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The Medici Effect, Frans Johansson

"The idea behind this book is simple: When you step into an intersection of fields, disciplines, or cultures, you can combine existing concepts into a large number of extraordinary new ideas."


"For most of us, the best chance to innovate lies at the Intersection. Not only do we have a greater chance of finding remarkable idea combinations there, we will also find many more of them. To be specific, stepping into the Intersection does not mean simply combining two different concepts into a new idea. These types of combinations are part of both directional and intersectional innovation. Instead, the Intersection represents a place that drastically increases the chances for unusual combinations to occur."

p. 20

"A person with low associative barriers, on the other hand, may think to connect ideas or concepts that have very little basis in past experience, or that cannot easily be traced logically. Therefore, such ideas are often met with resistance and sentiments such as, "If this is such a good idea, someone else would have thought of it." But that is precisely what someone else would not have done, because the connection between the two concepts is not obvious."

p. 41

"Just because someone has developed a groundbreaking idea once does not necessarily mean that he or she has a better chance of doing it again. Instead, the best way to beat the odds is to continually produce ideas. This is why innovators are so productive."

p. 97

"But what about jobs where success depends on a steady output of new ideas? Those where trial and experimentation are part of the job description? This is trickier. It still seems like a good idea to reward success. But is it enough to reward success and let the failures "slide"? Would we then be willing to risk failure, and therefore increase our odds of innovating in the long term? Maybe. But the best results would come in an environment where success and failure are rewarded equally--and where inaction is punished."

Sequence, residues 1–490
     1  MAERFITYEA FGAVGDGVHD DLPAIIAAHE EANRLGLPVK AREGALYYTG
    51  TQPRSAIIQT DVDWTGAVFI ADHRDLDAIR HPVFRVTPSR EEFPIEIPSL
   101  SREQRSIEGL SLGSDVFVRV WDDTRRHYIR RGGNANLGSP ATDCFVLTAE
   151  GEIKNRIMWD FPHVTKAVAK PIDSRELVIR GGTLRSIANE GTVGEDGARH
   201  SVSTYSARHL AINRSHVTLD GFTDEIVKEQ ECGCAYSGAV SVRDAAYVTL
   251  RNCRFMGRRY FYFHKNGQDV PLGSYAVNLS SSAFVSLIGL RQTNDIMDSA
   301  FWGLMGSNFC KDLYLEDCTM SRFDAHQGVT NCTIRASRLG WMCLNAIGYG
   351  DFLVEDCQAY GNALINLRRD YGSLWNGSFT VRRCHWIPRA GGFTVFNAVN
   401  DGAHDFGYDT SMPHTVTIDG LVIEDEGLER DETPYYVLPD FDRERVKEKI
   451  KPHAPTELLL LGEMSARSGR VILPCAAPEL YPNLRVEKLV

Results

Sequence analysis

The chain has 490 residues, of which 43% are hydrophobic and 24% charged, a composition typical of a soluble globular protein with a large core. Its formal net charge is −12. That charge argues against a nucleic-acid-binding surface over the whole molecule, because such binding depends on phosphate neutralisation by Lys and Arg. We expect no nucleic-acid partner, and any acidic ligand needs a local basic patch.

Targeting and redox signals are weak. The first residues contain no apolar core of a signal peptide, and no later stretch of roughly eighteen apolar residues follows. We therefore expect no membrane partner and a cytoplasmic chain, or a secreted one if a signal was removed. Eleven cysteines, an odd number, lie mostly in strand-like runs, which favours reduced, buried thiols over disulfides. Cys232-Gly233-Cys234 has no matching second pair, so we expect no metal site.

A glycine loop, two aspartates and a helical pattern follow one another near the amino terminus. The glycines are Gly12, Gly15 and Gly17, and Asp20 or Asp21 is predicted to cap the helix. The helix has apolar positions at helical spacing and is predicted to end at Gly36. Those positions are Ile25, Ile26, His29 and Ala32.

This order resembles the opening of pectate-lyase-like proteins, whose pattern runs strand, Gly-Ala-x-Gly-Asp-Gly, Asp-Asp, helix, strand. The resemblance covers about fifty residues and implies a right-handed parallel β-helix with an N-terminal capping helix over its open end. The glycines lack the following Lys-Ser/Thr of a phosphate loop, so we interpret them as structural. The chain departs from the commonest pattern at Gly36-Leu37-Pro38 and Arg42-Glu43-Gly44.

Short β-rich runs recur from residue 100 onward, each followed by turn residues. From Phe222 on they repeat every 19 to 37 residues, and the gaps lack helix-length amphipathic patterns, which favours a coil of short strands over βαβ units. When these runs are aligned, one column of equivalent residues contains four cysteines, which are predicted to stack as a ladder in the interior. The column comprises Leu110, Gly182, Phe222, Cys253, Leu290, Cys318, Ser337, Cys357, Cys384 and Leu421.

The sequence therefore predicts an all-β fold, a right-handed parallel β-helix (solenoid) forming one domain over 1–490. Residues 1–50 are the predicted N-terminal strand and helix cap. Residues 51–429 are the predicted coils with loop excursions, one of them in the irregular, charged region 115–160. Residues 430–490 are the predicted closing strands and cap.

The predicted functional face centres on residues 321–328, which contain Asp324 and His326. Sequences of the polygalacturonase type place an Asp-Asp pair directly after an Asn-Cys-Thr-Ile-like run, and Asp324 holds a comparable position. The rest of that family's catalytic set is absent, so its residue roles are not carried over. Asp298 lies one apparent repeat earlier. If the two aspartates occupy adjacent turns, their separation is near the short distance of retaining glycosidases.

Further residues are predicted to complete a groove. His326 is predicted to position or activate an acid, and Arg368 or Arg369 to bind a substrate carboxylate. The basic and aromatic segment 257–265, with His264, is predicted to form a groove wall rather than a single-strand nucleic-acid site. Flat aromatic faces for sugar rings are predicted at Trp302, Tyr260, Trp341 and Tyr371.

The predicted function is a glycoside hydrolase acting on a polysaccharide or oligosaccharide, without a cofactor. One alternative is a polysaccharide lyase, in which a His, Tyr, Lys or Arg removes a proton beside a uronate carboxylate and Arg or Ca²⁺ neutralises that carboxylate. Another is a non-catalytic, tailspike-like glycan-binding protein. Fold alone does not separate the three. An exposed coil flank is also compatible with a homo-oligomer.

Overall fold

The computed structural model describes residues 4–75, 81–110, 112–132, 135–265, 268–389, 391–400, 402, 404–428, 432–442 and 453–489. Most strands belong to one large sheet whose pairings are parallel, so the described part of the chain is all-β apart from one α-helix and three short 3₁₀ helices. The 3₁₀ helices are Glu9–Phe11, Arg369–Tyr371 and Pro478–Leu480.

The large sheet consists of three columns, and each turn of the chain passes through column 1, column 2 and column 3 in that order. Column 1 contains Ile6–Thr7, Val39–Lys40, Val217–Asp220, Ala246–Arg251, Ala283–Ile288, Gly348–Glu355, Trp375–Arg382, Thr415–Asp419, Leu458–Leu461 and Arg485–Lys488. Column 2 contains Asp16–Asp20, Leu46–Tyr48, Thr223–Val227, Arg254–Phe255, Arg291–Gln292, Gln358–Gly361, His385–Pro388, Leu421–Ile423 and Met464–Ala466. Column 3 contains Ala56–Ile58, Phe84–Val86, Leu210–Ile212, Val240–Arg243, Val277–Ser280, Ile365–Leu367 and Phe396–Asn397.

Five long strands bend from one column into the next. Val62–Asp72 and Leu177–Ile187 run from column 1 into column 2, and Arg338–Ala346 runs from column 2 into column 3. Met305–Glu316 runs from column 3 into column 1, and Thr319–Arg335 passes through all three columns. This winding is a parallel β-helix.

p. 128

"It is not that the network is holding you back on purpose. There is no conspiracy. But your network will promote, support, and highlight ideas that are valued within it. And it squashes or removes ideas that are not. This inherent characteristic creates a difficult paradox for anyone pursuing an intersectional idea: If we wish to succeed at the intersection of fields, we have to break away from the very networks that made us successful."

p. 146

"Take a good look around you and try to spot those things that have become critical pieces of your value network over the years. I am not suggesting that you abandon them, but if you wish to enter the Intersection, you must stop depending on them."

p. 157

"It is not that we waste time, money, or contacts, but that we try to do more with the amount that we have. In trying to do more, we slowly begin to increase the risk of failure, until we hit a level we are subconsciously comfortable with.

What this tells us is that, from a failure perspective, it will not ultimately matter much when you decide to stop into the Intersection. Once you have achieved a threshold level of resources, what Berke calls "the minimum amount needed to get your idea going," you should start exploring the Intersection."

p. 168

"The most creative and innovative people in the world also produce the most ideas. Think Picasso, Einstein, or Prince. They produced seminal works in their fields, but also produced works that went absolutely nowhere."

p. 209

"Be strategic, but flexible, and remember to have fun."

p. 217

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